Strangely, even though the last episode dealt with the aftermath of an assassination attempt, it's this time that we actually see characters reacting with a genuine sense of alarm. Yool, rather than brushing off Da-jeong's confession with the brusque casualness so often seen with emotionally closed off men in fiction, actually gives a serious considered response to her statement. And he puts a lot of thought into it too. The entire scene in the theater is a very rough one emotionally.
And yet, in spite of all this, well, it turns out the heart doesn't quite work that simply. Ugh, I can't believe I just typed that. Yes, "The Prime Minister and I" gets rather corny with the love stuff here. Matters aren't helped by the piano music, which is so deliberately tuned to amplify the drama of the situation it's practically eye-roll inducing. There's so much discussion of feelings here that it's just embarassing.
But you know what? I really don't mind. Yes it's undignified yes it's cheesy but sometimes love is actually like that. The privacy of these moments actually works really well for letting the sentiment of the situation really break through. "The Prime Minister and I" could have done any number of more outrageous publicity related reveals of this given the premise of the show, and it chose to go with something more mature. I have to respect it for that.
Granted, mature isn't exactly the word I'd use to describe the latest plot situation, which seems to come out of nowhere. Still, as a final plot twist, it's an effective one. Where Yool and Da-jeong highlight this episode by being completely emotionally honest about themselves, every other character has clearly been holding back secrets, scrambling to achieve whatever their convoluted long term goal is. Some of them are having regrets about this. Others take their plans to the next logical step.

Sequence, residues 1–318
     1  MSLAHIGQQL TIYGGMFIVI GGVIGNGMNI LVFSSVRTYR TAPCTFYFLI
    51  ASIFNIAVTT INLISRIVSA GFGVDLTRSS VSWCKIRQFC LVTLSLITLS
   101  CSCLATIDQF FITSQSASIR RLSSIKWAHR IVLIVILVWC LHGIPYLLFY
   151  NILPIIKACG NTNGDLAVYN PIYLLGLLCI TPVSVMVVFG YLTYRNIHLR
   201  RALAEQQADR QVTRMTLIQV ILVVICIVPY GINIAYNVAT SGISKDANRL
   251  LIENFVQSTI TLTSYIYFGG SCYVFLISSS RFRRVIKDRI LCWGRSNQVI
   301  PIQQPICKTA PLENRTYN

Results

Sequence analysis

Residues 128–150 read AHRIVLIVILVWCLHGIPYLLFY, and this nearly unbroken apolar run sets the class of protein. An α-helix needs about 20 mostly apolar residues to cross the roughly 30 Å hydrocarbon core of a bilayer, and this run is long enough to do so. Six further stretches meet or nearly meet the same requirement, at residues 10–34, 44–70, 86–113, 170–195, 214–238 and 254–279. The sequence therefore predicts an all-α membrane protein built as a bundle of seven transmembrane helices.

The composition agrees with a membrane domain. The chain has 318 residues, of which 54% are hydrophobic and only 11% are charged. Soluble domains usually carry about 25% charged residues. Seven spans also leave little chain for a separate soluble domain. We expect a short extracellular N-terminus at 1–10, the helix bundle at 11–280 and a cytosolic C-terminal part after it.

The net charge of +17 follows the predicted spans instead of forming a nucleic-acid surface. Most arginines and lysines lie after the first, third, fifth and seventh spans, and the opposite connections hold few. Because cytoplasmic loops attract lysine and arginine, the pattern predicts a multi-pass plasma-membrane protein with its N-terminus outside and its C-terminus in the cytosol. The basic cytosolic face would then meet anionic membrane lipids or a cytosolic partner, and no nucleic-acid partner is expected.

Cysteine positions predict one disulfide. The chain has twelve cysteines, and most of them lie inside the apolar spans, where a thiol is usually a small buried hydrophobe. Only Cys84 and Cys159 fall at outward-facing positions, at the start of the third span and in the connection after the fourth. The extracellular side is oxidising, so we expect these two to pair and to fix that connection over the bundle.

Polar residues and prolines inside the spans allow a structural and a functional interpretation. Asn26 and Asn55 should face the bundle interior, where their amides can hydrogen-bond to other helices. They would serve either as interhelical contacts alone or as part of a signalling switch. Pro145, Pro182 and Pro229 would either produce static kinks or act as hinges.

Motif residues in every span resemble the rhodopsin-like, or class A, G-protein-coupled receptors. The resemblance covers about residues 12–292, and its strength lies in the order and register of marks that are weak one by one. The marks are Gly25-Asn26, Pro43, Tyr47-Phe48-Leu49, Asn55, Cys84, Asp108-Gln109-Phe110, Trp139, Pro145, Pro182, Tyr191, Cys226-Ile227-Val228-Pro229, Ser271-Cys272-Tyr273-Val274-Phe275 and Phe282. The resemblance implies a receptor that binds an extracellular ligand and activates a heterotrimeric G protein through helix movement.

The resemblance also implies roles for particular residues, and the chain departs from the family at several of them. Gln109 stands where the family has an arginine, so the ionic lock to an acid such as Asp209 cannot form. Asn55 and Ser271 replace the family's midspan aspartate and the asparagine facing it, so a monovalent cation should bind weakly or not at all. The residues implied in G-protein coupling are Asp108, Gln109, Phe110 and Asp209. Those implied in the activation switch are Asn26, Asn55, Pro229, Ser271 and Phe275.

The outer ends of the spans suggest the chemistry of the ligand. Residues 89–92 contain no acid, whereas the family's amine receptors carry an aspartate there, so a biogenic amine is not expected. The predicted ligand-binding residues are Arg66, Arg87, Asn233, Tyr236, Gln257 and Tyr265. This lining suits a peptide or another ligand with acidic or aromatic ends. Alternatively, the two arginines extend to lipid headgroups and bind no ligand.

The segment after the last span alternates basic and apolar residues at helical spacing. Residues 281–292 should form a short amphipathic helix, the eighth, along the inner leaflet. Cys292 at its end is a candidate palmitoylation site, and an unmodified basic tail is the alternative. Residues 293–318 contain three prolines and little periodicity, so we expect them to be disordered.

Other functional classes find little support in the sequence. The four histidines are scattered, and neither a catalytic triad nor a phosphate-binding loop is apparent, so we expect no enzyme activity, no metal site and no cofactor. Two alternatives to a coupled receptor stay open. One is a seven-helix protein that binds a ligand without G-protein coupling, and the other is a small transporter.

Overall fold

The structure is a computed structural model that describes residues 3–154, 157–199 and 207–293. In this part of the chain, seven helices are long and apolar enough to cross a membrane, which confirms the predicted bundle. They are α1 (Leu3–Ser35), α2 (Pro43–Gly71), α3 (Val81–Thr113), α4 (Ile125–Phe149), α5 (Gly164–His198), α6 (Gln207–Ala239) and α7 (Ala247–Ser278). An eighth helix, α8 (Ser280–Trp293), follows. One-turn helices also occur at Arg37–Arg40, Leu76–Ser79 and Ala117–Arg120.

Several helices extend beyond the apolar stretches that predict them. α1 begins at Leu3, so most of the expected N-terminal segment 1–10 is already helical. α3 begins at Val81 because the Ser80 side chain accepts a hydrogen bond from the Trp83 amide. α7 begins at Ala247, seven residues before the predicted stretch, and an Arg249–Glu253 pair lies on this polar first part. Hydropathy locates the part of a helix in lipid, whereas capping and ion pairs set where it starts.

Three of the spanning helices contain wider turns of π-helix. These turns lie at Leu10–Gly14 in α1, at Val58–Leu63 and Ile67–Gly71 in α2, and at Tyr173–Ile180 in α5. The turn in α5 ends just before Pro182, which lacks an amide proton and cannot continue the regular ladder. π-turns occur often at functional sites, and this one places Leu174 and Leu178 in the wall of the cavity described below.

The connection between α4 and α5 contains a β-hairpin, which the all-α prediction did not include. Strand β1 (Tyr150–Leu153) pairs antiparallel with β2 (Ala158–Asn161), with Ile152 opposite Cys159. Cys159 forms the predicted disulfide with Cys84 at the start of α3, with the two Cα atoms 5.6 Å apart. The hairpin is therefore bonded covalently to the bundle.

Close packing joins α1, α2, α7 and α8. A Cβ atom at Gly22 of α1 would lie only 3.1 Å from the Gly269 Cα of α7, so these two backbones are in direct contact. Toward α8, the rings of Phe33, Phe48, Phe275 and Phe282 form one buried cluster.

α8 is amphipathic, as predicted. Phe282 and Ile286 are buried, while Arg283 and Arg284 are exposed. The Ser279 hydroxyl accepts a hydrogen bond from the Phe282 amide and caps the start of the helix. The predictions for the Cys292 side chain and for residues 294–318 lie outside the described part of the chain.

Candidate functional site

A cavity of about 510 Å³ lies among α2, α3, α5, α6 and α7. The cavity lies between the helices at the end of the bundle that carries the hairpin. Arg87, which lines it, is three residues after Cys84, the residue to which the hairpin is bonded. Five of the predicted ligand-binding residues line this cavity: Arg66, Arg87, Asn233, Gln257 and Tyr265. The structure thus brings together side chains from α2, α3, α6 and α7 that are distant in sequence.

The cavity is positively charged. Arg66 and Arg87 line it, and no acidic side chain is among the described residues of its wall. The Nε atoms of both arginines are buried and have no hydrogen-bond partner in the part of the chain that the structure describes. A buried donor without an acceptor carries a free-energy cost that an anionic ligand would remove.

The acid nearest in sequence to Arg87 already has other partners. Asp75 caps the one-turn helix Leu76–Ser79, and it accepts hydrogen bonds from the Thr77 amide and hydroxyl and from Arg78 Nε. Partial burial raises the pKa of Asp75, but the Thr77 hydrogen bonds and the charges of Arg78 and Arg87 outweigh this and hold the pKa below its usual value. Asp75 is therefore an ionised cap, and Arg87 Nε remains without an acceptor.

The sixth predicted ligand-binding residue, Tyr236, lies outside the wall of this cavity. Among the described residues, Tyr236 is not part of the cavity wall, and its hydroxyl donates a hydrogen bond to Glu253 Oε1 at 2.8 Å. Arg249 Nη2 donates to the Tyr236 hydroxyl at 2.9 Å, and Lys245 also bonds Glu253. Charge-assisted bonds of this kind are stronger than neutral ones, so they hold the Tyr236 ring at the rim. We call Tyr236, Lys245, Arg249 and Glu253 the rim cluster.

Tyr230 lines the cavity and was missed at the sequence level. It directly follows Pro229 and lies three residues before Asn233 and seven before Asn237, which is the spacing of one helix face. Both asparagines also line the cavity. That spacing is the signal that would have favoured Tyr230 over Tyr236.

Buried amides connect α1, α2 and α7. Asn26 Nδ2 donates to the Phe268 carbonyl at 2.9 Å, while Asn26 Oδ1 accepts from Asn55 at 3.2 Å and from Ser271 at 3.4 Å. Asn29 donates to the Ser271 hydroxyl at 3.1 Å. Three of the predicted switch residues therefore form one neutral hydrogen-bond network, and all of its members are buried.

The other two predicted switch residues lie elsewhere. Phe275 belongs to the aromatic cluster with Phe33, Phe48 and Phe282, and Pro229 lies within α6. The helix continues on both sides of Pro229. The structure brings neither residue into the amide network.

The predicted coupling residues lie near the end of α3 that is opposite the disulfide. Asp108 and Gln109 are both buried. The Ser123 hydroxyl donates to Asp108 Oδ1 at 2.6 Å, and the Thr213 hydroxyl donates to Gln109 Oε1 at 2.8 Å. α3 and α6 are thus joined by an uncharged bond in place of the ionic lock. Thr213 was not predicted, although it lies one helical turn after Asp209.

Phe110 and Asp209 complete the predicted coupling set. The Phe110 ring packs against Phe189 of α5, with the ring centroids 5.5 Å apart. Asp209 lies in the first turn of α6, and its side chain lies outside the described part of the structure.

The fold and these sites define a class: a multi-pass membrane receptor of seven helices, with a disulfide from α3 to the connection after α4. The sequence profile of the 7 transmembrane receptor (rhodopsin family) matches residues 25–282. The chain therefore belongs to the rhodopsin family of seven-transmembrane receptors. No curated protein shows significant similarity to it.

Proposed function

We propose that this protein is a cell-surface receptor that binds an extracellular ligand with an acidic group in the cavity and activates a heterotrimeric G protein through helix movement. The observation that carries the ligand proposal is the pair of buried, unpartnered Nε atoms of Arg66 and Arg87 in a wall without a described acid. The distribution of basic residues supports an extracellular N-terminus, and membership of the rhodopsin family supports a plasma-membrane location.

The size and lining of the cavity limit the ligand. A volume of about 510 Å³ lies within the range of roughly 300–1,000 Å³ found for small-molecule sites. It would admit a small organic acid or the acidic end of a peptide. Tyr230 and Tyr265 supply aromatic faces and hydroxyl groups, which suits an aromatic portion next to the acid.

All of this works to set up the mystery so well I'm honestly kind of doubtful whether the drama can deliver on the potential. It's difficult to imagine any explanation for the latest turn of events that doesn't sound horribly dumb and contrived. More horribly dumb and contrived than the premise of a sham political marriage that might now technically be bigamy at the same time it becomes a genuine relationship? Well, actually, maybe not. The writers have done a decent enough job shepherding this drama along so far so I'm willing to believe, for now, that there actually is a clever delivery and explanation for all this that effectively utilizes all the characterization we've gotten so far.
Review by William Schwartz
Staff writer. Has been writing articles for HanCinema since 2012, having lived in South Korea since 2011. Started out in Gyeongju, then to Daegu, then to Ansan, then to Yeongju, then to Seoul, lived on the road for HanCinema's travel diaries series in the summer of 2016, and is currently settled in Anyang. Has good tips for utilizing South Korea's public bus system. William Schwartz can be contacted via firstname.lastname@example.org.
"[HanCinema's Drama Review] "The Prime Minister and I" Episode 13"
by HanCinema is licensed under a Creative Commons Attribution-Share Alike 3.0 Unported License.
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